8 reasons why role-playing is important for small kids

Posted in Learning and Development.

If you’re beginning to get weary of your little person telling you to be the Daddy while he’s the pregnant Mummy, and you must help him deliver that teddy bear, we have some encouraging news: pretend play, including role play, is highly beneficial for small kids.

Here are eight reasons why.

1. It develops language and communication skills

Acting out a role different to your own, whether it’s being the mummy, daddy or someone else entirely, means children need to exercise their verbal and physical skills. But as it’s make-believe and fun play, there’s no pressure involved and talking flows more easily. When an adult or another child (such as a sibling) is participating, it enhances the activity; but you’d be surprised at how much even a really shy child will chatter along when role-playing just by themselves with a soft toy or similar object.

2. It helps them with real life situations

Little children can easily be overwhelmed or frightened by certain situations – particularly if they’re new or unfamiliar – and role-playing can help with this. For example, acting out the first day of preschool with your child, where you’re the teacher or a fellow class mate, can help prepare them for what they can expect in real life and therefore ease their anxiety.

It can also allow them to safely take risks and see what positive things come from them. Role-playing can help with situations where you’re experiencing challenges too – such as with a child who might be misbehaving during swimming lessons. With role-play you can praise a teddy for listening well and not jumping in the water without permission, something your child may take on board a whole lot better than you reprimanding them personally.

 3. It encourages empathy

Putting yourself in someone else’s shoes, even if it’s pretend, is a great way to understand how others might be feeling. This could be anything from an imaginative birthday party where a dolly is left out of the games, to a role-play scenario of doctors and nurses or an animal hospital. Patient or carer, it’s a great way for children to experience the different emotions that others might feel and the ways to help ease any discomfort.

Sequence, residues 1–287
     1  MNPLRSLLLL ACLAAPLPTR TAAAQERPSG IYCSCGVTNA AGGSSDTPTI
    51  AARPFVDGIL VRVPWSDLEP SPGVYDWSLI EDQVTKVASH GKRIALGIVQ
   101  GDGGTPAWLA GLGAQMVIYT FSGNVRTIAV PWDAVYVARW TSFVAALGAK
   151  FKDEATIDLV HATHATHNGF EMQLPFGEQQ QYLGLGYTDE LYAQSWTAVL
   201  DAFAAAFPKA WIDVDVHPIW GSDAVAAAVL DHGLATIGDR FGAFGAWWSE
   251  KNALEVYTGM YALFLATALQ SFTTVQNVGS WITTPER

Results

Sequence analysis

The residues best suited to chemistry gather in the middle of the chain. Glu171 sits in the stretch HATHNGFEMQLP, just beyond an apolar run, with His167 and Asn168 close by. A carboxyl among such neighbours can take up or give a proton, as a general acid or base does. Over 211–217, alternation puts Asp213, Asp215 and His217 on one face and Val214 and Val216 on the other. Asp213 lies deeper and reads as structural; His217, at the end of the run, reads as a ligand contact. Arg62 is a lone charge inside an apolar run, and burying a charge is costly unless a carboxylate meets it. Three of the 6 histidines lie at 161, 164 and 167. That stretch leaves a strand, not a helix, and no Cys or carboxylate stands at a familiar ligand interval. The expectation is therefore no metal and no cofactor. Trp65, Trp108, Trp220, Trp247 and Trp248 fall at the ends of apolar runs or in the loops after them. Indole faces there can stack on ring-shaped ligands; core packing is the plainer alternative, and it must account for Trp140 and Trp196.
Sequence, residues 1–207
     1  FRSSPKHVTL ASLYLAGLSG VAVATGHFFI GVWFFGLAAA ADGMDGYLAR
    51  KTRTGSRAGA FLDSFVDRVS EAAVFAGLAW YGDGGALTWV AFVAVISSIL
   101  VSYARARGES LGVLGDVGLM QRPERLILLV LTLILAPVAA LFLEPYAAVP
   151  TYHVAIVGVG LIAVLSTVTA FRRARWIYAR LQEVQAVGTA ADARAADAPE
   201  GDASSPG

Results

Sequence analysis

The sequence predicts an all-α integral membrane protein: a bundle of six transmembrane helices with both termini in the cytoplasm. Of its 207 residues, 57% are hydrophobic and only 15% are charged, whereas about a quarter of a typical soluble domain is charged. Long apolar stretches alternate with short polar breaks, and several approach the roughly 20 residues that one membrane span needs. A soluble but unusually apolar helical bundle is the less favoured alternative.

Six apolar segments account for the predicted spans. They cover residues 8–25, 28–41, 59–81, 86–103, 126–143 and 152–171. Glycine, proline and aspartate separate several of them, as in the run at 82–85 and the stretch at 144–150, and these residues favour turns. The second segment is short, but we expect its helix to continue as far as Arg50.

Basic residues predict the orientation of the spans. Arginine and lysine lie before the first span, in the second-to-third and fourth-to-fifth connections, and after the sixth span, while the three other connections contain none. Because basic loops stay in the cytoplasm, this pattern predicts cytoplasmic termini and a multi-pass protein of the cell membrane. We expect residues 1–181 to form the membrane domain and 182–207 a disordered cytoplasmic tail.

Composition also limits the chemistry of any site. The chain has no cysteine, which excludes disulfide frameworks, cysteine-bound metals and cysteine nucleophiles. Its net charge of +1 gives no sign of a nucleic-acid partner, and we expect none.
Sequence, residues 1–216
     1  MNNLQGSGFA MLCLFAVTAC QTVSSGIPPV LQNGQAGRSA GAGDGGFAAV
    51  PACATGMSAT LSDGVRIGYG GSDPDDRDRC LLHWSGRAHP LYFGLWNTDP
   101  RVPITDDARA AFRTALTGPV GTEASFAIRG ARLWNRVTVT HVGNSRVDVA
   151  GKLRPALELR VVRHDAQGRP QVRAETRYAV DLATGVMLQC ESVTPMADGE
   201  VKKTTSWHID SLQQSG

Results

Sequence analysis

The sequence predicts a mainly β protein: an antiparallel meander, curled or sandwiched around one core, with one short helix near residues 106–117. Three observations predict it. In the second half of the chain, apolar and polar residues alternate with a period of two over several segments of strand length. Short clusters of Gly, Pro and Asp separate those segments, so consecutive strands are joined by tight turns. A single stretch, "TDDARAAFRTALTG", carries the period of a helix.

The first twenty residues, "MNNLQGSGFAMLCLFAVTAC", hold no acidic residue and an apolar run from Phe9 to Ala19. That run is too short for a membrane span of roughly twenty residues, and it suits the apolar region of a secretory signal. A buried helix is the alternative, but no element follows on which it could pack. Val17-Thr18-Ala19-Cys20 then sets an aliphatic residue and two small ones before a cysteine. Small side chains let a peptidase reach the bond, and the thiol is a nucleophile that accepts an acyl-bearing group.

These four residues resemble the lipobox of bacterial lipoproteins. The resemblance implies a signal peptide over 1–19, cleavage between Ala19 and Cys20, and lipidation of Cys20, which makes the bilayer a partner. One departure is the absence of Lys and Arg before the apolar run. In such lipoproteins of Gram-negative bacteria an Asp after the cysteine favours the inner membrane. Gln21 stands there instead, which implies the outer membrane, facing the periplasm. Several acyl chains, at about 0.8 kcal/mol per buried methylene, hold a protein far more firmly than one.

On the parent front, role-play is also great for helping adults gain a child’s perspective, too. Often we forget what it’s like to be small, constantly learning and making mistakes, so doing role-play exercises with your child can help create more patience and understanding, and therefore strengthen your relationship with them.

4. It’s learning disguised as play

Role-play can be a great way to sneak some academic learning in, as play time is usually when children are generally more willing and enthusiastic about taking on new tasks.  Games such as shopping at the supermarket or working at a restaurant are great for this. Not only fun, you can encourage children to write or read shopping lists and menus without it feeling like learning. And even if they’re too young for literacy, being exposed to it is still beneficial. You can even incorporate other skills such as counting how many items are in the supermarket basket or working out the different colour foods on the plate in the ‘cafe’.

little girl with playdough

5. It sparks creativity and imagination

We live in a technological world which is great on many levels, but can sometimes stifle originality and creative play – so you need to get the balance right. Good old Play-Doh is fantastic for unleashing the potential of your child and is great for developing fine motor skills and hand eye coordination (just make sure they don’t actually eat any of their ‘culinary creations’!). 

6. It develops social skills via collaboration

When children are in a safe zone role-playing, they’re a lot more open to bold social interactions than they might be usually be. This is even more evident the more people are involved (whether adults or other children), because through creative play they’re forced to discuss scenarios, work out solutions, take turns, cooperate and more.

little girl jumping off lounge with cardboard wings

7. It gets them moving

Contrary to simply watching TV or playing on an iPad, role-playing gets children using both physical and mental energy – important for their development and well-being. Whether they’re pretending to be the pirate leaping around the lounge room searching for lost treasure, or mowing the lawn outside; chances are it’s going to be physical.

8. It lets them express ideas, experiment and explore

So many little ones are bursting with surprising ideas and untapped abilities, but if they’re not given the chance to let them out, you’ll never know! Role-play games take them out of their comfort zone and into new territories. They also give them the chance to have a voice without fear or judgement as they find their way and discover new things about themselves and the world, with the freedom and confidence to dream as big as they want.


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